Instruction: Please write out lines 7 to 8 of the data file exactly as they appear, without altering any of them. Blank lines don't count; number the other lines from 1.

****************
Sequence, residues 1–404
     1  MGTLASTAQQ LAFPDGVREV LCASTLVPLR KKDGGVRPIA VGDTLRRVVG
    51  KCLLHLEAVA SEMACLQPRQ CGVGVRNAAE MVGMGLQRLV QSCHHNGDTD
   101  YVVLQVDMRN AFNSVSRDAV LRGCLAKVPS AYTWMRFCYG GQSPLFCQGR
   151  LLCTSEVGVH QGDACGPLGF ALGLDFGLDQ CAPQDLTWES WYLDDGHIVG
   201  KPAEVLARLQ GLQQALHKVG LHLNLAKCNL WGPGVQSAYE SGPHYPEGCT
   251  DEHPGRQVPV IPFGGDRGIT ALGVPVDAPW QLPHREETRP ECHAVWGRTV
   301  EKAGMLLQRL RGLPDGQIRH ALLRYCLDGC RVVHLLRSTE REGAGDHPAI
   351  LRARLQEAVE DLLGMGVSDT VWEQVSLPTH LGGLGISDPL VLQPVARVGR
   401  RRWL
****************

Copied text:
   251  DEHPGRQVPV IPFGGDRGIT ALGVPVDAPW QLPHREETRP ECHAVWGRTV
   301  EKAGMLLQRL RGLPDGQIRH ALLRYCLDGC RVVHLLRSTE REGAGDHPAI